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長谷川白紙 (Hakushi Hasegawa), 草木萌動 (So-moku Ho-do), 2018

There has been a so-called “netlabel” scene in Japan since the late 2000s as well as overseas. Maltine Records is one of the most famous netlabels in Japan, which was founded by two then high school students in 2005. Specializing in the contemporary dance and electronic music producers, they’ve released over 170 singles or eps including ones by dj newtown (a.k.a. tofubeats), TORIENA, Pa’s Lam System, パソコン音楽クラブ (Pasocom Ongaku Club) etc..

When Hakushi Hasegawa released his first ep アイフォーンシックスプラス (iPhone Six Plus) from Maltine Records, he was only 18 yrs old. Although every song from the ep had a very delicate and complicated tonal or rhythmic structure in it, his voice was so smooth, sweet, soft and soothing. Unlike the label’s previous releases, the ep was not particularly for a dance floor. But his kaleidoscopic groove inevitably invited listeners to dance, even if you couldn’t figure out its time signature. Since then, Hasegawa has been considered one of the latest talents from Maltine Records.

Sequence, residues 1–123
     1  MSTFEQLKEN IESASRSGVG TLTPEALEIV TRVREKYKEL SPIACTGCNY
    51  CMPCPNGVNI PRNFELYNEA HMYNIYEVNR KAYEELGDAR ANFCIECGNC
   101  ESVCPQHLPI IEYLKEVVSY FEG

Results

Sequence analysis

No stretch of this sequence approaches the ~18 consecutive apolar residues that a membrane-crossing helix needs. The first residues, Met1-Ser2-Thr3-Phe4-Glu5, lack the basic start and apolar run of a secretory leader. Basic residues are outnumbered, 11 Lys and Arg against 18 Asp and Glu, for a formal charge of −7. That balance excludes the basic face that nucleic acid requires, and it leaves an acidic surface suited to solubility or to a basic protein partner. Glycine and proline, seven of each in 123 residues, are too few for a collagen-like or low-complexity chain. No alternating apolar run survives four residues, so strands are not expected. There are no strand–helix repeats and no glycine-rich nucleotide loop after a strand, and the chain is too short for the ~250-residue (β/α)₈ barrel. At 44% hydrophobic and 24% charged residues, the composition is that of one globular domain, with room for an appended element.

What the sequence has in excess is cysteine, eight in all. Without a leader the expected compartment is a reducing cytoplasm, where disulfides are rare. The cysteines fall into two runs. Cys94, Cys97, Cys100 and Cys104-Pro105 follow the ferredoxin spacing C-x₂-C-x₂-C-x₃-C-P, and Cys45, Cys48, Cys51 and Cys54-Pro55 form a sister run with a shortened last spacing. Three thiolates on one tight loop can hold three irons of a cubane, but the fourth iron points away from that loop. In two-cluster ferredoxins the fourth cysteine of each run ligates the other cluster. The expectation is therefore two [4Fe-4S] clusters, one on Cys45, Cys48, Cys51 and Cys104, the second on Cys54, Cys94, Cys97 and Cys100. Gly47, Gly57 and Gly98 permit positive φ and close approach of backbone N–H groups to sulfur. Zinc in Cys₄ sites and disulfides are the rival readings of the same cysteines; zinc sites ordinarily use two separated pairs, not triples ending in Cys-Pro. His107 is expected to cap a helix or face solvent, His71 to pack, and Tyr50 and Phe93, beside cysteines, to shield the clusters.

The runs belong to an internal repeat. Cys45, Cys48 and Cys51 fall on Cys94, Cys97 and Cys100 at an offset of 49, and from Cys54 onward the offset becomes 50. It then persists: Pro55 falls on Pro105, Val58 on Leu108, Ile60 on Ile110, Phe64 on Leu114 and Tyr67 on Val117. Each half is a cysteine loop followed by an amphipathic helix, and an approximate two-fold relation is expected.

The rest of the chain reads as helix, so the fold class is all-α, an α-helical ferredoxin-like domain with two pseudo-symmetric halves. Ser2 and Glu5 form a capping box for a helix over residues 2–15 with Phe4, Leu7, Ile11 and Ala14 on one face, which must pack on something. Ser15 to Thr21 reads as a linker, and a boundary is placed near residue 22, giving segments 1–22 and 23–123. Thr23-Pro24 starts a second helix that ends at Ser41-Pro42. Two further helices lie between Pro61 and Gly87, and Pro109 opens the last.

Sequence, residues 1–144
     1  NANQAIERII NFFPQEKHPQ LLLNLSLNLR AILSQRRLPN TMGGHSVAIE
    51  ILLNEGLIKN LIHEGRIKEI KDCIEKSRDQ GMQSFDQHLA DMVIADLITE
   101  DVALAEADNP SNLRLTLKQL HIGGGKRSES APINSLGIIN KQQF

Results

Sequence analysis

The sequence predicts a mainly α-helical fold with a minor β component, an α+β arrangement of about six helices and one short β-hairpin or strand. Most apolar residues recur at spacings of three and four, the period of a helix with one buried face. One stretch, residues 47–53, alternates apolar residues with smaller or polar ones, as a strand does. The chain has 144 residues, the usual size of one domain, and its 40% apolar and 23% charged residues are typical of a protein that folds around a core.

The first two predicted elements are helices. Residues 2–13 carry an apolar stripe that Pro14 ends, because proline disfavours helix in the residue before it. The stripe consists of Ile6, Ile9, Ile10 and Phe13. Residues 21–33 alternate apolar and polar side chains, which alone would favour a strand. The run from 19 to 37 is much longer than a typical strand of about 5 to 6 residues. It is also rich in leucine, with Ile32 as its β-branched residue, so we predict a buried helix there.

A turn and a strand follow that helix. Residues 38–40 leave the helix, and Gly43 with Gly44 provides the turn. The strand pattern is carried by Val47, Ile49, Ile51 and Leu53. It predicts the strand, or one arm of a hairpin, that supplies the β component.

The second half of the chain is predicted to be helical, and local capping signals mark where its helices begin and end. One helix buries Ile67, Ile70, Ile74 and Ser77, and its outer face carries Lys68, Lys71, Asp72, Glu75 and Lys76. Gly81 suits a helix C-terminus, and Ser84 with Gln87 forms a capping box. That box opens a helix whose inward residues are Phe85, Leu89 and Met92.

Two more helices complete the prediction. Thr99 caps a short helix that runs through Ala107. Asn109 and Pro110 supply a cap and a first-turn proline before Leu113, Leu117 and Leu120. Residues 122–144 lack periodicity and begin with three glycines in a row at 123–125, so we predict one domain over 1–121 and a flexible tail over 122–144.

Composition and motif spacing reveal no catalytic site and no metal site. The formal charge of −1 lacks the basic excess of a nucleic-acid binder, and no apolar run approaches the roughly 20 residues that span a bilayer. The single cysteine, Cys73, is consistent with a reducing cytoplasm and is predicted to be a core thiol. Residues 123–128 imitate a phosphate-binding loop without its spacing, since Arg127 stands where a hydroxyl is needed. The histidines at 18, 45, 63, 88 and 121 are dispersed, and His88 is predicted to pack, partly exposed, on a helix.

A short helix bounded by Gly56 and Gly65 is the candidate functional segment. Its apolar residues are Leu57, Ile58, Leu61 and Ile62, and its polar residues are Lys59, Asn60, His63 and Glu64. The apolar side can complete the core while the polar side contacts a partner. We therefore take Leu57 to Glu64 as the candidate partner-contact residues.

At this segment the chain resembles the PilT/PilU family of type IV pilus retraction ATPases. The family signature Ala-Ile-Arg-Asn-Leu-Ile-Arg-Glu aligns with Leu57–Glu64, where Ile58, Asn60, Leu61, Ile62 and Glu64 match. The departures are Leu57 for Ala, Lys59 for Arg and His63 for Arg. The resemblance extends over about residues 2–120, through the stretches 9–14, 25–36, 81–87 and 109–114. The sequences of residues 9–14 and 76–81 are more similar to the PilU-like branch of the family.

But he soon underwent the next breakthrough. In November 2018, he announced his second ep, 草木萌動 (So-moku Ho-do), would be released in December. The title was taken from the traditional Chinese calendar which had been also used by Japanese people, meaning “when trees and plants begin to bloom”.